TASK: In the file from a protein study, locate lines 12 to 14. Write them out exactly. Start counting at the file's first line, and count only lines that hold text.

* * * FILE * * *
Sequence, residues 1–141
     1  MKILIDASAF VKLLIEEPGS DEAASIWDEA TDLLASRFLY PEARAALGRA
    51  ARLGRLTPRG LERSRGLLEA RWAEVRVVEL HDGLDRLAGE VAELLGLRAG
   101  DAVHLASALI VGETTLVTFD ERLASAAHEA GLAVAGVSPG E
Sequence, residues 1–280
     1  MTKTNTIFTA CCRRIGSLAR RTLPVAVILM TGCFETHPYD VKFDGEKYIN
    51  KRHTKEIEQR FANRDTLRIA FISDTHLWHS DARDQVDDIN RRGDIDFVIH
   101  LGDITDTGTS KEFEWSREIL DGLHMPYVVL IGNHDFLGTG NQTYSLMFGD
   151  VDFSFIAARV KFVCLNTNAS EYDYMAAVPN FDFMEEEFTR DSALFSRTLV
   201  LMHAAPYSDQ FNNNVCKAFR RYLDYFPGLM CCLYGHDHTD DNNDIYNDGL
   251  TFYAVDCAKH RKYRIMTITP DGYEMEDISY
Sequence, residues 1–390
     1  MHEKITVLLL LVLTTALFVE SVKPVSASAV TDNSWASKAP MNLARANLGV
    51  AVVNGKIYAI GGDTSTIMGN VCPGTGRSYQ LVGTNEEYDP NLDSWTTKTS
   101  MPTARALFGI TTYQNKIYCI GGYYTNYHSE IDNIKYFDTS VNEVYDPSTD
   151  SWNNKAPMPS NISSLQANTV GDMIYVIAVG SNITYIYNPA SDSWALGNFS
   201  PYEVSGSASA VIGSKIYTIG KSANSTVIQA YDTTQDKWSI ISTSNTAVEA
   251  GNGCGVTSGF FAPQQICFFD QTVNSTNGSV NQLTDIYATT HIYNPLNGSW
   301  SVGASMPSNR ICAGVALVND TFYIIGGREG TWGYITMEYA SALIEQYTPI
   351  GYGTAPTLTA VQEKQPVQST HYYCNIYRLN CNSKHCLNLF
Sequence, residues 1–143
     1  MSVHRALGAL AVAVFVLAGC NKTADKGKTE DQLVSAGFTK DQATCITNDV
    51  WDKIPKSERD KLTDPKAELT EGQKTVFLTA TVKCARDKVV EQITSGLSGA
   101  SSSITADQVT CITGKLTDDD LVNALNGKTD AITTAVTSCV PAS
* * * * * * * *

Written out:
Sequence, residues 1–390
     1  MHEKITVLLL LVLTTALFVE SVKPVSASAV TDNSWASKAP MNLARANLGV
    51  AVVNGKIYAI GGDTSTIMGN VCPGTGRSYQ LVGTNEEYDP NLDSWTTKTS